“It’s not anti-feminist if I like it” seems to be the subtext. “It’s not misogynist if it turns my crank. It’s not problematic if I pretend it’s a guilty pleasure.” [...] It also creates an imbalance, a hierarchy, between pseudo-intellectual readers and those who just read for pleasure and don’t turn a critical eye to every book: “I can read and enjoy the Greek billionaire ordering the virgin around because I took three Women’s Studies classes in college and donate money to RAINN. I’m not That Reader.” Oh, yes, you are. Own it. And talk about it. Don’t pretend the modern-day romance reader is any more liberated/aware/superior than the first person who got tingly when a pirate ravished an unwilling maiden.
Before I go on, I want to note a couple of things: first, in these narratives, cultural diversity and hybridization are viewed as positive values (another way in which I see Romance rooted in an Anglo-American cultural context). Consequently, these narrative involve a certain level of cultural appropriation for the purpose of investigating alternative cultural and social realities, which themselves are not necessarily grounded in an authentically realized portrayal.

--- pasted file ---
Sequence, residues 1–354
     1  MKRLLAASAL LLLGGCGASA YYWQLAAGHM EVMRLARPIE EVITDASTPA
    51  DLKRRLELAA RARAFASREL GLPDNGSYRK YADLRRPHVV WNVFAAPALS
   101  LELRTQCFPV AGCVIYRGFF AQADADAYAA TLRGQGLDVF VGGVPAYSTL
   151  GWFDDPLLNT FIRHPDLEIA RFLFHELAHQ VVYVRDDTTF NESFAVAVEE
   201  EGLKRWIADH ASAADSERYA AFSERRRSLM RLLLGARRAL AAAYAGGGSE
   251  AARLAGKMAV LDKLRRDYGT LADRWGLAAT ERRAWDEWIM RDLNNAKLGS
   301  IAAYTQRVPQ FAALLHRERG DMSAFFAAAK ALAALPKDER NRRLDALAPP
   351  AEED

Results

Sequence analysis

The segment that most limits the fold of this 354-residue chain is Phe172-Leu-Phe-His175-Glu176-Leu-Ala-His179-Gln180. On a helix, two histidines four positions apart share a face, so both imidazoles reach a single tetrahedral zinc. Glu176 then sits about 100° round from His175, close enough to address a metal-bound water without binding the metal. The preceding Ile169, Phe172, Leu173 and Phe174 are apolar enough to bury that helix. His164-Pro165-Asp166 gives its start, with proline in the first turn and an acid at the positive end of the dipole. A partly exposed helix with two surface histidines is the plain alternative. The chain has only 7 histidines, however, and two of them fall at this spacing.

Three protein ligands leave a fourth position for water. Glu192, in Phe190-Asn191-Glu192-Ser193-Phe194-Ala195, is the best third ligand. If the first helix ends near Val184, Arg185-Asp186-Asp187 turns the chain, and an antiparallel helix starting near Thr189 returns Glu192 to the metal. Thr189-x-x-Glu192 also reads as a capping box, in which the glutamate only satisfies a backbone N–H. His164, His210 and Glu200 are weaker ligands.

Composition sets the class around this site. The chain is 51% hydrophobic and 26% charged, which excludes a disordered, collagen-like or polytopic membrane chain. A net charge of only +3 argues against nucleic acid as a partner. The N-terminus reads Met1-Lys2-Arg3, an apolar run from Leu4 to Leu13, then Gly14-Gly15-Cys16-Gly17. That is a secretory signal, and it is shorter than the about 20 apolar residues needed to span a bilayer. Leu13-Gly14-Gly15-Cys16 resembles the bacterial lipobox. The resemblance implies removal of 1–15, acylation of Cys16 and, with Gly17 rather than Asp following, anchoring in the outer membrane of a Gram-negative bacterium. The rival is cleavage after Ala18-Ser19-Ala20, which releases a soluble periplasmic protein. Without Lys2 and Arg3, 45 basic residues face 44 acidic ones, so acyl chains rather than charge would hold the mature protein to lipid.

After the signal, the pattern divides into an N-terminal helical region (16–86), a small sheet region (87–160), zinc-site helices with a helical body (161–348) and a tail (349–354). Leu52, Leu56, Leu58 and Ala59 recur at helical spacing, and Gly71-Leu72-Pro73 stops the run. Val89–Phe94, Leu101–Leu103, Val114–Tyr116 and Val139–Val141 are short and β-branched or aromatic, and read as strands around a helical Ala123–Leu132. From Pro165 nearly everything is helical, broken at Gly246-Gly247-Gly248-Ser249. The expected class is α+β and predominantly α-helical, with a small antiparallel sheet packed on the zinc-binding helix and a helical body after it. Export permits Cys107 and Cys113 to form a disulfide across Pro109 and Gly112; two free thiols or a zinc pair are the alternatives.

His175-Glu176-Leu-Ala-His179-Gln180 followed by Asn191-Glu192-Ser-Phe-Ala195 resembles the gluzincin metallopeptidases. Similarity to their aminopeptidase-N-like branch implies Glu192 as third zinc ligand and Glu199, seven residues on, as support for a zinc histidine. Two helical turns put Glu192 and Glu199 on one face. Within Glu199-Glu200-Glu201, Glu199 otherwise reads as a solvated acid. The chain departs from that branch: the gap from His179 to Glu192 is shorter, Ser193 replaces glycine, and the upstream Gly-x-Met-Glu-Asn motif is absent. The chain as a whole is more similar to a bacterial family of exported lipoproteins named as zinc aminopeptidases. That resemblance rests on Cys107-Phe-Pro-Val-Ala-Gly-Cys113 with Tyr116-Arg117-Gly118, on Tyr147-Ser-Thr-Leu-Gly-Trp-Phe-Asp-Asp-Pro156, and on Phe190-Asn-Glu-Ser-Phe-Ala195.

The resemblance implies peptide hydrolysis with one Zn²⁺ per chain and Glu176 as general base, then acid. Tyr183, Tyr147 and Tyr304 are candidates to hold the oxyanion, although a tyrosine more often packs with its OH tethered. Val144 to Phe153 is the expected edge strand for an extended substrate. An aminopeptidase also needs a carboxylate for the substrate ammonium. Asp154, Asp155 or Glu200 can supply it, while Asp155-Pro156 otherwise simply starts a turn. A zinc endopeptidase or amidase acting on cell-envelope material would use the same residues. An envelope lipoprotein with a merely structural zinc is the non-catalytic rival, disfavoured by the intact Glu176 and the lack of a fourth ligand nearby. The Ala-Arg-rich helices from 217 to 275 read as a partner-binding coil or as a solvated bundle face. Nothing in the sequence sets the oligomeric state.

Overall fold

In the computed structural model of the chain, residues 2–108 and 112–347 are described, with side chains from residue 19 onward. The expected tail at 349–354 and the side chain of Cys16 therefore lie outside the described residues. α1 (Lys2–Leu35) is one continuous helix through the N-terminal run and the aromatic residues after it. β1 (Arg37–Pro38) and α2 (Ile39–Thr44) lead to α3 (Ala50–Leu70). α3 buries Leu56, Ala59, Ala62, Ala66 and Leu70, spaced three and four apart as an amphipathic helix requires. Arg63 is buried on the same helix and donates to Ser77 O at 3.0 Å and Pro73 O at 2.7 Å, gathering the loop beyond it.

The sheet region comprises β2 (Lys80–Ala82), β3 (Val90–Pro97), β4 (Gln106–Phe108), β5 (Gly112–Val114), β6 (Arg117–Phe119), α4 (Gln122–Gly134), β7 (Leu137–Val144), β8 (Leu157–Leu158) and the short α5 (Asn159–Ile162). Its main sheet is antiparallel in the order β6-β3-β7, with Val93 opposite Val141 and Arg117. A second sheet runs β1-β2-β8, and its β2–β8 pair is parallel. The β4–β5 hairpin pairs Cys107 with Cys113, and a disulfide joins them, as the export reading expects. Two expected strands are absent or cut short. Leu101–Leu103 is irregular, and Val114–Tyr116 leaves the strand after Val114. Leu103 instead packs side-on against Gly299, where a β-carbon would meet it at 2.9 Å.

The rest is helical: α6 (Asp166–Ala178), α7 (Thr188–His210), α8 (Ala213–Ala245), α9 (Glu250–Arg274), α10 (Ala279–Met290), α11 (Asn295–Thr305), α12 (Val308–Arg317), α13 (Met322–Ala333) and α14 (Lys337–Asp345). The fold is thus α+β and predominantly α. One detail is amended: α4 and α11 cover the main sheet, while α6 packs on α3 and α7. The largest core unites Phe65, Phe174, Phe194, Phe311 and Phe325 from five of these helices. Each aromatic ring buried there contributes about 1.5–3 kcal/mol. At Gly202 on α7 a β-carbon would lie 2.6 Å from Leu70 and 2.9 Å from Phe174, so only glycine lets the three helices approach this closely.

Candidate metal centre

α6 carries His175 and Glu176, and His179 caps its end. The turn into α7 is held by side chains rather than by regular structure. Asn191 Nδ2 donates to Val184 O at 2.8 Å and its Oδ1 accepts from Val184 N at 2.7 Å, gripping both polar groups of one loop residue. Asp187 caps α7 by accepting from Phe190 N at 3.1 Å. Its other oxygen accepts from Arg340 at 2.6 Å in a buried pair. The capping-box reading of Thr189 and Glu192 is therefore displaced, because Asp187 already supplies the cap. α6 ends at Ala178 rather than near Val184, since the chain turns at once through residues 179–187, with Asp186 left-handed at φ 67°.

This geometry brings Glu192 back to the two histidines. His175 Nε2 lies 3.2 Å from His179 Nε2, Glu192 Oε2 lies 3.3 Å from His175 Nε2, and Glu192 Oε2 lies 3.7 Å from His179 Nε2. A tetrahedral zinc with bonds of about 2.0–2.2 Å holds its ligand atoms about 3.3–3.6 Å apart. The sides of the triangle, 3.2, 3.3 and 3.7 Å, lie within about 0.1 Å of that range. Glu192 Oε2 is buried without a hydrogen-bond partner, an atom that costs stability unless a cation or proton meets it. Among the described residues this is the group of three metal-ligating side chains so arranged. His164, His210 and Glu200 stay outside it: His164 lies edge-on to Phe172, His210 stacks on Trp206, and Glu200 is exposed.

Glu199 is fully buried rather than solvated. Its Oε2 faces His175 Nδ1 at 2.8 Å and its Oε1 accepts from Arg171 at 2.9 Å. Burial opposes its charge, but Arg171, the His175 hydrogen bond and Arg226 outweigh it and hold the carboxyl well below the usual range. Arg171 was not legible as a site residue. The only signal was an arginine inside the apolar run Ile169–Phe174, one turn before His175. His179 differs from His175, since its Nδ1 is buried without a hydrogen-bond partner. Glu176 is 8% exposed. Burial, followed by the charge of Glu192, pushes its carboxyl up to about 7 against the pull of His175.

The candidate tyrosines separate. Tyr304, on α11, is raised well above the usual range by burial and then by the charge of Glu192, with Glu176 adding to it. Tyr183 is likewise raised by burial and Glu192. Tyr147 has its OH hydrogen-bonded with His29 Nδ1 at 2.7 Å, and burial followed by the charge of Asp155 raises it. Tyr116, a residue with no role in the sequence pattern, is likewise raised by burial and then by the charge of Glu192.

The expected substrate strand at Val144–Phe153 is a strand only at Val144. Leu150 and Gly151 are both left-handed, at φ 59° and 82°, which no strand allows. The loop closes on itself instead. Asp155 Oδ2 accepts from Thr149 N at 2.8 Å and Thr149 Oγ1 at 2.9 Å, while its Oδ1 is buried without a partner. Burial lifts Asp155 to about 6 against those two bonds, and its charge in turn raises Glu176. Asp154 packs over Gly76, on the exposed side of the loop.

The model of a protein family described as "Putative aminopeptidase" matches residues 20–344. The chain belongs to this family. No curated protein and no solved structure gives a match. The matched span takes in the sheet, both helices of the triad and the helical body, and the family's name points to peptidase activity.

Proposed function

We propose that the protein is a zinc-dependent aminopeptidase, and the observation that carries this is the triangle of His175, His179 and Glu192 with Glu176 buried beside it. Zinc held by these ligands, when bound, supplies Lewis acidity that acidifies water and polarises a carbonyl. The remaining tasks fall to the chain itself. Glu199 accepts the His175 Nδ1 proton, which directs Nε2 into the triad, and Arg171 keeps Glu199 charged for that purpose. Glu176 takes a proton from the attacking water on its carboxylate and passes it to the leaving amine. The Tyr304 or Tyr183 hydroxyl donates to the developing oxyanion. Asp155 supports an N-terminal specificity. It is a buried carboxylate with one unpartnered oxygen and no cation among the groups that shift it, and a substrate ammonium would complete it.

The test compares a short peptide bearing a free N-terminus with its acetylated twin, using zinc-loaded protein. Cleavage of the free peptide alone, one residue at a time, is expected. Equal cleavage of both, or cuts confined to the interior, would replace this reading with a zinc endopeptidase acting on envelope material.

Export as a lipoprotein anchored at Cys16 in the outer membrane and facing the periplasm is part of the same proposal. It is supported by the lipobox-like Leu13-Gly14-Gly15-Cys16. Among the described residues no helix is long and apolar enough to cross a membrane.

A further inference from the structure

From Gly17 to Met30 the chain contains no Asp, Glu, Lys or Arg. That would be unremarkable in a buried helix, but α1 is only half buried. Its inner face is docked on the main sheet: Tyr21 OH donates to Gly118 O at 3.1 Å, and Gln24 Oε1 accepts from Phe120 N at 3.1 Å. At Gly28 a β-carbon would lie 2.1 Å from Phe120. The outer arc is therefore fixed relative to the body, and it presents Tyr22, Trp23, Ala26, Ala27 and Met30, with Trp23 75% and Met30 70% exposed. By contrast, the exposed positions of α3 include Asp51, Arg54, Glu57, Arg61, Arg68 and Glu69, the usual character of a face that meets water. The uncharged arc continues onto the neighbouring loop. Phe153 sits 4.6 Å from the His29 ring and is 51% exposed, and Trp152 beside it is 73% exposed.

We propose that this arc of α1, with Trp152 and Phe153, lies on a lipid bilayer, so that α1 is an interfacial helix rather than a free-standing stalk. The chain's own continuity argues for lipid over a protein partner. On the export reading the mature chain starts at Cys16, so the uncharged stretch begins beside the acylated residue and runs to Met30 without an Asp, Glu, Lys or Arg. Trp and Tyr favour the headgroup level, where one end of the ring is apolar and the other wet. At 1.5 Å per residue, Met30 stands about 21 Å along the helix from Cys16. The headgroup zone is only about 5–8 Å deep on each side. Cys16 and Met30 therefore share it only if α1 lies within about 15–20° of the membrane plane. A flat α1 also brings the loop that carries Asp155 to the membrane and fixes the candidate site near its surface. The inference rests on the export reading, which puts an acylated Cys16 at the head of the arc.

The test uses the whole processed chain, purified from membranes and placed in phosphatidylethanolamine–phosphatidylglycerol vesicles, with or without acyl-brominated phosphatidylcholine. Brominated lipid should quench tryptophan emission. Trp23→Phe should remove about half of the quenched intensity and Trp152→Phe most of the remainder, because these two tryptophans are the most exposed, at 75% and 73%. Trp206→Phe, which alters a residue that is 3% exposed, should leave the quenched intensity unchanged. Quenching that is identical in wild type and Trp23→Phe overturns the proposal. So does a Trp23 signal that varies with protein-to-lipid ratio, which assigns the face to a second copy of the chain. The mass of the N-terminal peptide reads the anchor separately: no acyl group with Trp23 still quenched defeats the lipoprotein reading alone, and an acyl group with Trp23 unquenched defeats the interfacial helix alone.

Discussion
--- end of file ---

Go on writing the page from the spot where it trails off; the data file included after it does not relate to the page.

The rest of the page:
All of Julia’s wealth and social privilege as a Roman did not give her the kind of autonomy and personal agency she has with Wulfric, and her realization makes her want to create a new kind of reality with him, one that blends the best of her Roman and his Goth customs. Wulfric tells Julia that he wants to settle in Gaul to “’learn to live with my Roman neighbors.’” Flipping the social script, Allen grounds notions of civilization and barbarism in human nature, rather than cultural difference. Julia sees in Wulfric a man who is “like his wolf, domesticated until roused, then a killer,” while Wulfric compares Julia to “an exotic animal, half-tame, half-wild.” Although highly idealized and somewhat simplistic in its reversal of the old captivity ideology, (which, does, of course, wind through the history of Rome), Allen’s novel also very bluntly sets the agenda for the transcultural union as one that can represent and initiate transformative, egalitarian social evolution.